Lithuania banned the transit of certain goods to Russia’s Kaliningrad region over EU sanctions.
Russia has summoned the EU ambassador in response to Lithuania’s ban on some goods being transported by rail to the Russian territory of Kaliningrad.
Lithuania says it is bound by EU sanctions, imposed as part of a series of measures taken over Moscow’s invasion of Ukraine.
The Kremlin has called the measures “unprecedented” and “illegal”.
Russia’s foreign ministry has threatened “to take actions to protect its national interests”.
Kaliningrad – which has no land border with Russia – was annexed from Germany in 1945 and remains of strategic importance to Russia.
Last week, the Lithuanian authorities announced they would ban goods subject to EU sanctions from passing through their territory to Kaliningrad.
Lithuanian Foreign Minister Gabrielius Landsbergis said: “It’s not Lithuania doing anything: it’s European sanctions that started working from 17 June… It was done with consultation from the European Commission and under European Commission guidelines.”
The EU sanctions list includes coal, metals, construction materials and advanced technology – and Russia’s Kaliningrad Region Governor, Anton Alikhanov, Alikhanov said the ban would cover around 50% of the items that Kaliningrad imports.
“We consider this to be a most serious violation… of the right to free transit into and out of Kaliningrad region,” he said.
Russia’s foreign ministry said Vilnius must reverse a move it described as “openly hostile”.
“If cargo transit between the Kaliningrad region and the rest of the Russian Federation via Lithuania is not fully restored in the near future, then Russia reserves the right to take actions to protect its national interests,” it said, without specifying what those actions may be.
Lithuania is a member of the Nato military alliance, protected by collective defence treaties.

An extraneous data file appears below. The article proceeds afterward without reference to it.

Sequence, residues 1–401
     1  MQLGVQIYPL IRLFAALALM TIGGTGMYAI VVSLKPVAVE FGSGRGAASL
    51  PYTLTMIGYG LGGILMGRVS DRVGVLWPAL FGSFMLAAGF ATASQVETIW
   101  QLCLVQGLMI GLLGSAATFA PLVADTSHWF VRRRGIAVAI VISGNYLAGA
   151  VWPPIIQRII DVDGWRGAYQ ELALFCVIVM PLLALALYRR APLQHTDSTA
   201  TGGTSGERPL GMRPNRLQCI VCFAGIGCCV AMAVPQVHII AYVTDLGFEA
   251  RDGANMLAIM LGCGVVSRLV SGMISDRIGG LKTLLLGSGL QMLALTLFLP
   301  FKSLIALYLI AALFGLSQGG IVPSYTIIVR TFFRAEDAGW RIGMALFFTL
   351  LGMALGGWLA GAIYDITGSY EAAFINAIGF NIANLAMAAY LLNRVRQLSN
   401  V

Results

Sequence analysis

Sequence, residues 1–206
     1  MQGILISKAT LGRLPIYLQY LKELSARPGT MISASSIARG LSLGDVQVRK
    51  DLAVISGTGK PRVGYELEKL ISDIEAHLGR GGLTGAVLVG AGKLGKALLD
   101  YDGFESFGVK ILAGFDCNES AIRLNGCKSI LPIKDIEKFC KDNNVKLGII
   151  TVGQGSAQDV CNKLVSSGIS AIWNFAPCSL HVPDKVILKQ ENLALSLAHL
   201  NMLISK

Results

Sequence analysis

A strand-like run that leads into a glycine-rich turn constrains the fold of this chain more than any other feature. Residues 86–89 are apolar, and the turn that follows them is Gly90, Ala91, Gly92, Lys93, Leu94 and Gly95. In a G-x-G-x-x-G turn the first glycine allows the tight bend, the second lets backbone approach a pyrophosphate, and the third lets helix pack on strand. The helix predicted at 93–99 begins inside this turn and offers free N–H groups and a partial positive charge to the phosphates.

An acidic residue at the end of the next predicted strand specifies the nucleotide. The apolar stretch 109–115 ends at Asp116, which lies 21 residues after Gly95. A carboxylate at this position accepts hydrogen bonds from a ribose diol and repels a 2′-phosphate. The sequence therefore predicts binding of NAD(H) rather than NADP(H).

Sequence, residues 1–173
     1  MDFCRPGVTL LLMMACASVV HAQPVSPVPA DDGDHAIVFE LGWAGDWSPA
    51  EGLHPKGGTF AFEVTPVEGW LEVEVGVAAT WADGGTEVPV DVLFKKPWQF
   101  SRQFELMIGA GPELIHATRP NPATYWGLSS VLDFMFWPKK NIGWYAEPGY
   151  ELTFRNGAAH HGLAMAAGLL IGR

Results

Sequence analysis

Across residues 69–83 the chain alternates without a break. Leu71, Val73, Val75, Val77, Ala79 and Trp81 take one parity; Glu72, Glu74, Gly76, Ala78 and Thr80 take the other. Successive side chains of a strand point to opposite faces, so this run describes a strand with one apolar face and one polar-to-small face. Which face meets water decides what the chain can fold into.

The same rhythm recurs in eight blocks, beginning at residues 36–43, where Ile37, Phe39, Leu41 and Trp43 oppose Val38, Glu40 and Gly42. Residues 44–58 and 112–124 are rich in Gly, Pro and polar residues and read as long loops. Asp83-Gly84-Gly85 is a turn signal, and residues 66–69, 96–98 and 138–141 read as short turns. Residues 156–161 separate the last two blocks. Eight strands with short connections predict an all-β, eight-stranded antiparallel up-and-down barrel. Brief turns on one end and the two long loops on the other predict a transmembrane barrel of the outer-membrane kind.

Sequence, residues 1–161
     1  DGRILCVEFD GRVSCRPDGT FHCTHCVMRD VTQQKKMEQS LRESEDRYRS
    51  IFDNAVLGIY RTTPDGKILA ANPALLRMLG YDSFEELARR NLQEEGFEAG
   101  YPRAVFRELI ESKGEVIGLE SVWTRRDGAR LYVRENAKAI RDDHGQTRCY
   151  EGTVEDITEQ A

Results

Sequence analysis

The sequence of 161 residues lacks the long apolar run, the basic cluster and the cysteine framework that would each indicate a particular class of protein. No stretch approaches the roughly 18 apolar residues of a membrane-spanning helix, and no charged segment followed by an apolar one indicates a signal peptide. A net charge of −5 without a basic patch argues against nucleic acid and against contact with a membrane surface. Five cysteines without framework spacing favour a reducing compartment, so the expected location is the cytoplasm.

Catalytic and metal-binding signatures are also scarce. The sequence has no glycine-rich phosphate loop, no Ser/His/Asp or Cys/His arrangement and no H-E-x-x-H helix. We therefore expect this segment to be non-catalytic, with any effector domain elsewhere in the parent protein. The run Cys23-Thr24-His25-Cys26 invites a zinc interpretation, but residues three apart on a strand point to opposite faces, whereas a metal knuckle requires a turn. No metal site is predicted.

Russian officials are furious with Lithuania – and the EU – over the ban on the transit of some goods to Kaliningrad. They’re likening it to a blockade.
But when the foreign ministry in Moscow says “Russia reserves the right to take actions to protect its national interests”, what exactly does it mean? What actions and when?
The Kremlin says it’s trying to work that out right now.
On Monday, President Vladimir Putin’s spokesman, Dmitry Peskov, noted that “the situation is really very serious and requires a very deep analysis before preparing any measures or any decisions. This thorough analysis will be carried out over the next few days.”
Today, one of Vladimir Putin’s closest allies, Nikolai Patrushev, flew to the Kaliningrad region to discuss “national security in north-west Russia”. Mr Patrushev is secretary of Russia’s powerful Security Council. Officials claim the visit was planned long in advance. What a coincidence.
When it comes to “national security”, Kaliningrad is a key location. Russia’s Baltic fleet has its headquarters there. And Moscow has previously deployed nuclear-capable Iskander ballistic missiles to Kaliningrad region.